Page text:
Anecdotal and Political in James Baldwin’s Essays

It would inevitably be an oversimplification to attempt summarizing James Baldwin with one term. He was not merely the essayist, but a novelist as well, not only an author, but also an activist, and so forth. Yet while his contribution to the discussion of race and any other adjacent issues manifested in numerous and diverse ways, there is still no harm to focus on one part of his heritage specifically. In his Collected Essays, Baldwin reflects on racial relations between black and non-blacks, mostly in but not limited to the mid-century United States. True to his characteristic style, he combines anecdotal evidence from personal experience with broader political statements when exploring how the reality of race relations shapes individuals and their perceptions. His discussion of housing projects and the Melodeers’ Atlanta trip highlights the hypocrisy of the white do-gooders, and the story of the stolen sheet demonstrates how race shapes a black person’s perception of justice.

One of the many examples of Baldwin using anecdotal evidence in accord with a political statement is his description of the Melodeers’ trip to the South with the help of the Progressive Party. The Party promised the Melodeers, a boys quartet from New York, a tour through the Southern churches with the understanding that they will sing, and then the Party would “make speeches and circulate petitions” (Baldwin 58). Yet this initial arrangement fell into pieces as soon as the Melodeers arrived at their destination in Atlanta, beginning with living conditions being much worse than promised. Moreover, the Party officials in Atlanta perceived them as canvassers sent to distribute campaign materials, and, for most of the trip, there was very little singing but much canvassing (Baldwin 58-60). As soon as they dared to voice their protest, Mrs. Price, the Party’s highest representative in the state, inquired “who those black boys thought they were” and threatened to have them arrested (Baldwin 61). Baldwin links this short story to a larger political statement: organizations claiming to champion black rights care about black votes but not blacks’ rights, problems, or even dignity.

How Baldwin discusses Harlem’s housing projects is very similar in this respect to his coverage of the Melodeers’ experiences in Atlanta. The author offers an anecdotal example of Riverton, the first housing project in Harlem, to stress his point. According to him, locals began hating the project as soon as it had to clear their dwellings to make room for the construction (Baldwin 175). As soon as the new tenants settled in, this hate found an outlet in “smashing windows, defacing walls, urinating in the elevators, and fornicating in the playgrounds” (Baldwin 175). As in the previous example, Baldwin uses this anecdotal evidence to promote a larger political point: the specific outlook of a ghetto does not matter much as long as society confines blacks to ghettoes. The author expresses his indignation at the “liberal innocence – or cynicism” displayed when the politicians advocating housing projects interpret this behavior as ungrateful. Much as before, he combines an anecdote and a political point to display the hypocrisy of those whose supposedly progressive solutions rest on the assumption that blacks are unfit to live anywhere except for certain segregated areas.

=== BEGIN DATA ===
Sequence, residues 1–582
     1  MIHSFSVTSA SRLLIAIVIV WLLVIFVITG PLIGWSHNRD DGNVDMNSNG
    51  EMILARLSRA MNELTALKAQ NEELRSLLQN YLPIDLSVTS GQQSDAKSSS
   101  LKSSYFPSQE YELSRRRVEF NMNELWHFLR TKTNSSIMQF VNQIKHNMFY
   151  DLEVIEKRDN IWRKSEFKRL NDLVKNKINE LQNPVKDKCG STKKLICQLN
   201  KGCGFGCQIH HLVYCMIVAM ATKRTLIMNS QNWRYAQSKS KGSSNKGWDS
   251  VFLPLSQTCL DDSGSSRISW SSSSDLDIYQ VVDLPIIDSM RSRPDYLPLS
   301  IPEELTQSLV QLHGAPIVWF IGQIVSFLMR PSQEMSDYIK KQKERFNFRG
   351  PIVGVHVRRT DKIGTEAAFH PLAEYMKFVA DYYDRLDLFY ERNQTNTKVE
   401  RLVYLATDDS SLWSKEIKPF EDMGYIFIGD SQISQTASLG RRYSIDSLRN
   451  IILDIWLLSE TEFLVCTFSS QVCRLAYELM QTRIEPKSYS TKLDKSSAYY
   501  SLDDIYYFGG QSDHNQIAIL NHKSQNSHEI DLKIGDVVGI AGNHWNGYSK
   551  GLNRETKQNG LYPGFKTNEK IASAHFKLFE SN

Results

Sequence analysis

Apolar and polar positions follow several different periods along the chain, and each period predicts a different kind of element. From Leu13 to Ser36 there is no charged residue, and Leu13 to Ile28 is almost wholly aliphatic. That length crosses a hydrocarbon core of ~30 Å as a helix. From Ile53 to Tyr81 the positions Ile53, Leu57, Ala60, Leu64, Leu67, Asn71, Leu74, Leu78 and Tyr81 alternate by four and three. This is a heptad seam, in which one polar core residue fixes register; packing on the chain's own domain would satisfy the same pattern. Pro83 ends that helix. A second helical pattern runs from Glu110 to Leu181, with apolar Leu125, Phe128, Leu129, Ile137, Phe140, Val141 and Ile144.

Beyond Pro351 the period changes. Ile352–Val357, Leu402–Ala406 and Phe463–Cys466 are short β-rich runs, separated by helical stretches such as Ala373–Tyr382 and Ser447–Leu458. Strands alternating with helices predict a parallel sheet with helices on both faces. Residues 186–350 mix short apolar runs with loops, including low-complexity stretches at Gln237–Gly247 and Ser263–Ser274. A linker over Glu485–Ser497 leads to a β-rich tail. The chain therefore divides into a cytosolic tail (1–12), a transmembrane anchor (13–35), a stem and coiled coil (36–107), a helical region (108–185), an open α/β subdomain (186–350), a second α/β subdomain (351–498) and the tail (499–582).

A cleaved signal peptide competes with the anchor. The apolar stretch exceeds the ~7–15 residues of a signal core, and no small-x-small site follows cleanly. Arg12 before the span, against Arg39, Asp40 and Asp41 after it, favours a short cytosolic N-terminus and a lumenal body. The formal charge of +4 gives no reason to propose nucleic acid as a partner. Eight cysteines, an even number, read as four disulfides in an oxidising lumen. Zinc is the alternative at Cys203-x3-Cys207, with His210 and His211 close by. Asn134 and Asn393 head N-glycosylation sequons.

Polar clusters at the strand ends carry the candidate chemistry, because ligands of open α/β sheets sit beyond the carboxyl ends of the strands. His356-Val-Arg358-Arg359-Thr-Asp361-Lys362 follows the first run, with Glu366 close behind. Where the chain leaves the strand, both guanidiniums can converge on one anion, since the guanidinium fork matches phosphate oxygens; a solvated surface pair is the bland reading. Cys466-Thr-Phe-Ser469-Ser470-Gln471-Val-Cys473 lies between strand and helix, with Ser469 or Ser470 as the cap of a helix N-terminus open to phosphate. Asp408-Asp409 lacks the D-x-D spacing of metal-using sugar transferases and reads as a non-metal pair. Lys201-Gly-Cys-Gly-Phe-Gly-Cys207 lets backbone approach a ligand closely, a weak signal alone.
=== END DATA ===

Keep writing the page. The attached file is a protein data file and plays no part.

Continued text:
In contrast, Baldwin’s combination of anecdotal evidence and political argument in his retelling of the sheet thievery in Paris produces a different result. While being in Paris, he uses the sheet his friend has taken from another hotel and is arrested as a result. Even though understands that the offense was a minor one, he remembers that French officers of the law frightened him as much as their American counterparts. According to him, the feeling of threat “was as present in that commissariat as it had ever been for me in any police station” (Baldwin 106). Moreover, when told that he could be guillotined due to stepping in a wrong line, he was completely aware that his cellmates were teasing him yet still unable “to disbelieve them” (Baldwin 112). Unlike the previous cases, Baldwin does not use this anecdote to demonstrate the hypocrisy of those who claim to help blacks. Rather, he explores the overall effects of a white-dominated justice system on a black person’s perception of the world. For an African American who used to witness injustice at every step, it is not entirely unlikely that even a minor offense will result in disproportionate retribution, for this is what his experiences taught him.

As one can see, Baldwin combines anecdotal evidence and broader political points in many of his essays for different effects. In his reiteration of the Melodeers’ trip to Atlanta or discussion of housing projects in Harlem, the results are quite similar. In both cases, Baldwin dissects the actions of liberal politicians claiming to have the blacks’ best interests in mind and demonstrates how they are every bit as dismissive in their attitudes as the open racists. Yet in the story of the stolen sheet in Paris, he combines these two elements for a different effect. In this case, the anecdotal evidence serves a political argument about the white-dominated justice system in general, beyond the limits of American politics and the United States.

Work Cited

Baldwin, James. Collected Essays. The Library of America, 1998.

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DemoEssays. 2023. "Anecdotal and Political in James Baldwin’s Essays." August 10, 2023.

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DemoEssays. "Anecdotal and Political in James Baldwin’s Essays." August 10, 2023.